A month-long look at the WIC Program

Published: March 08, 2013

Health CarePolicy and LegislationSocial Services

This month, the Deltek health care and social services team will be taking a look at the Special Supplemental Nutrition Program for Women, Infants, and Children, also known as the WIC Program. WIC, administered by the United States Department of Agriculture (USDA), Food and Nutrition Services (FNS), provides health care and nutrition for low-income pregnant women, breastfeeding women, and infants and children under the age of five.


The eligibility requirement for WIC is a family income below 185 percent of the U.S. Poverty Income Guidelines. The program served 8.9 million people in FY 2012, with the average annual food cost at $45 a month. Unlike other social services programs, WIC is not an entitlement program, as Congress does not set aside funds to allow every eligible individual to participate in the program. Only a specific amount of funds is authorized each year for the program.


Numerous studies have shown that pregnant women who participate in WIC have longer pregnancies that lead to: fewer premature births; fewer low and very low birth weights; fewer fetal and infant deaths; prenatal care sought earlier in pregnancy; and higher consumption of key nutrients such as iron, protein, calcium, and vitamins A and C.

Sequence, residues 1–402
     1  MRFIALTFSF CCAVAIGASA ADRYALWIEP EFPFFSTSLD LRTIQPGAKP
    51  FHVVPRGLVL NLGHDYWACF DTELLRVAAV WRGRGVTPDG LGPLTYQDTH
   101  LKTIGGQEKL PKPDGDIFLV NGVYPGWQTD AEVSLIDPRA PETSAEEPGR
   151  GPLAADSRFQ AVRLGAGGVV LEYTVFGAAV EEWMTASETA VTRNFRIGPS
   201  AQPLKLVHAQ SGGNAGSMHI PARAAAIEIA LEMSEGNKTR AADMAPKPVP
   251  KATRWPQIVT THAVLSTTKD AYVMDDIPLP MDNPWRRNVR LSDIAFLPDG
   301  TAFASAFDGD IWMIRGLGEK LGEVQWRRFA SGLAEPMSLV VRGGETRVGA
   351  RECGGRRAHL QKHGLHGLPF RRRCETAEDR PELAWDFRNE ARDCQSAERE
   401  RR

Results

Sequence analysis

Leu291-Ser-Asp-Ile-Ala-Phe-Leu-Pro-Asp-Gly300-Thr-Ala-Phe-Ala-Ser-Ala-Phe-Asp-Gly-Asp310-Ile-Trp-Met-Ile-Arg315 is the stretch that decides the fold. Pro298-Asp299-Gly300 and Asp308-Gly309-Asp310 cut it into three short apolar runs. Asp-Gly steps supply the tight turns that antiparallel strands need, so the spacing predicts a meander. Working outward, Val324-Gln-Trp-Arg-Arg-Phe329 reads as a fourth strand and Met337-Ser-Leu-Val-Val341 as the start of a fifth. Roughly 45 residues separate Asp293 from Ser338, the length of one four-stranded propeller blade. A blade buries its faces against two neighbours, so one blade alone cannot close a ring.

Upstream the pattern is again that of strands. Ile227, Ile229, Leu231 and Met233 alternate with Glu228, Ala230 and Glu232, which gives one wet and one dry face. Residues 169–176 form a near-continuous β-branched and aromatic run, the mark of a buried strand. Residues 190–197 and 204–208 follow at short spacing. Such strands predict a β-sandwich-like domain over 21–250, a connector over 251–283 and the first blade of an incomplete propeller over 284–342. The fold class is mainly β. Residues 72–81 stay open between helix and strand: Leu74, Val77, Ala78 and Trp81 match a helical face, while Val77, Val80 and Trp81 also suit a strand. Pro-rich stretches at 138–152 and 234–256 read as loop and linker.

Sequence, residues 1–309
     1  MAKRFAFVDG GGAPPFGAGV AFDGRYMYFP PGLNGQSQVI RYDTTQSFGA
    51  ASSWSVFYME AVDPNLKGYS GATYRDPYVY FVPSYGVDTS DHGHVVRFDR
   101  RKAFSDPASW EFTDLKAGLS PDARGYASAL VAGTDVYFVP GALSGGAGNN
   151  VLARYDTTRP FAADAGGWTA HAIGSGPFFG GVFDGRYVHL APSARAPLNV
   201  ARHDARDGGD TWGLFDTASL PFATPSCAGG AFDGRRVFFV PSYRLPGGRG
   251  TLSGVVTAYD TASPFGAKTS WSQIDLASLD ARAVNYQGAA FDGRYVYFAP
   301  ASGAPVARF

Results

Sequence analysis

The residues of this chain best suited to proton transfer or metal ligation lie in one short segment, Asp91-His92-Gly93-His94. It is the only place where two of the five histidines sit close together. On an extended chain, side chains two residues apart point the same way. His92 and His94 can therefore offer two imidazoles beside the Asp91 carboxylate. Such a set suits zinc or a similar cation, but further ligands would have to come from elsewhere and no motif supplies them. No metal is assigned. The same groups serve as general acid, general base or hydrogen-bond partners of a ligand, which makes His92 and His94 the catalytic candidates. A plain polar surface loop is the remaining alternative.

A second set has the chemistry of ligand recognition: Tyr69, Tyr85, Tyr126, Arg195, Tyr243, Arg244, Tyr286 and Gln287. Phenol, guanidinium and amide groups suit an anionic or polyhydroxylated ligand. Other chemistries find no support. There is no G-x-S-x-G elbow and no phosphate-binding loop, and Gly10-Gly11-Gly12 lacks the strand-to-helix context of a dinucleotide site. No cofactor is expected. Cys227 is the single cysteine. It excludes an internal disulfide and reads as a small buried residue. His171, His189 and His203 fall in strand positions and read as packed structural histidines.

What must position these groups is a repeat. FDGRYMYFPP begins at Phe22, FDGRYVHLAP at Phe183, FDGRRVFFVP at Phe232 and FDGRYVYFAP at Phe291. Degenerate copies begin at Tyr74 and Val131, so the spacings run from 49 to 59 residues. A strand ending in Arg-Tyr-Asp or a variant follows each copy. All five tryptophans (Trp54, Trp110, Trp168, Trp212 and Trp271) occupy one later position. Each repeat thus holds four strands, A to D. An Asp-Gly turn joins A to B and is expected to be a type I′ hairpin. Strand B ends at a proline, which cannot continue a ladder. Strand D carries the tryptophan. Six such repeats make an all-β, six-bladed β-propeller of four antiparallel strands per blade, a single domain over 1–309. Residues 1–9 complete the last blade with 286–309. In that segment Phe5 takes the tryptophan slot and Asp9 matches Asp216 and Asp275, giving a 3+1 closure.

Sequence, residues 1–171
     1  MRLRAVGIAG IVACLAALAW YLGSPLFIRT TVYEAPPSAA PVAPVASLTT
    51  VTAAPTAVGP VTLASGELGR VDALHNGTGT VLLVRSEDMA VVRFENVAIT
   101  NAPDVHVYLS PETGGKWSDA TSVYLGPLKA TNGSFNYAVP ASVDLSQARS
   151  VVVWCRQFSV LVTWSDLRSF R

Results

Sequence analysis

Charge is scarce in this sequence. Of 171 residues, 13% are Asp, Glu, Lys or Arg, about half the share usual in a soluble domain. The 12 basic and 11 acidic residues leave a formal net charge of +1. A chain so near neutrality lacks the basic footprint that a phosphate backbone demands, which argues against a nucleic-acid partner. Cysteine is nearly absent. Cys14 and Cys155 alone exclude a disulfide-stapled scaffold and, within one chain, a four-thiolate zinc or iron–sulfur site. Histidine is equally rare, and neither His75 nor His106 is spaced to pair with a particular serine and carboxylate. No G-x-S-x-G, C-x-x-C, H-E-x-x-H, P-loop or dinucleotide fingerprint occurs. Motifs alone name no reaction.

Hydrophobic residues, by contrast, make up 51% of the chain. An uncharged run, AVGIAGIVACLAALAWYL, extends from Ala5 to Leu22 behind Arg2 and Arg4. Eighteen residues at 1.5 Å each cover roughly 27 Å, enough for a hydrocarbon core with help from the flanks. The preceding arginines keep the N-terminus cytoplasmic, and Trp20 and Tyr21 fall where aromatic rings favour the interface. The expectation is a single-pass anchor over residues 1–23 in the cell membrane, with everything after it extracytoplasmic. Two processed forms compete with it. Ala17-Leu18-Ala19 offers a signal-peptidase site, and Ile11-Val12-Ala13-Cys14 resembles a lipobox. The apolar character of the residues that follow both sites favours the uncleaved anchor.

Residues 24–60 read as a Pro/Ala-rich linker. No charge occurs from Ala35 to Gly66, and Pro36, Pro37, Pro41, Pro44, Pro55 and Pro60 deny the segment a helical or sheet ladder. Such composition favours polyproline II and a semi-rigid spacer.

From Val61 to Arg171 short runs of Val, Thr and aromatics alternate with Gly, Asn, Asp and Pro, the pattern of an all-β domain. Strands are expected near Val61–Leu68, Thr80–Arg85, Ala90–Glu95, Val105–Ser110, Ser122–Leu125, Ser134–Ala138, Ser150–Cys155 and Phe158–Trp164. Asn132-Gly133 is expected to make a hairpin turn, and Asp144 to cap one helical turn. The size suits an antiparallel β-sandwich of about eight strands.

According to research by West Virginia’s WIC Program, every dollar spent on pregnant women in WIC produces $1.92 to $4.21 in Medicaid savings for newborns and their mothers. Medicaid costs were reduced, on average, between $12,000 and $15,000 for every very low birth weight incident prevented by participation in WIC.


In most states, WIC is delivered by the state through its WIC management information system (MIS), which typical functions include certification, nutrition referral, food management, benefit issuance, financial management, case load management, operations management, vendor management, scheduling, system administration, and reporting. Electronic benefits transfer (EBT) is now mandated for the program by FY 2020; states are either pursuing an online or offline EBT card.


The WIC Program showed one of the earliest forms of technology replication across states, with the State Agency Model (SAM) project starting in 2004. The Office of Management and Budget began a five-year initiative to plan, develop, and deploy WIC MISs that had the following features:

  • Modern Web (HTML/HTTP) technology
  • Standard WIC data elements
  • Open-system architecture
  • Modular components
  • Compliance with federal policy and regulations

Stay tuned this month to see WIC MIS and EBT updates from across the states. In the meantime, brush up on WIC knowledge through our social services vertical profile application! Not a Deltek subscriber? Click here to learn more about Deltek’s GovWin IQ database and take advantage of a free trial.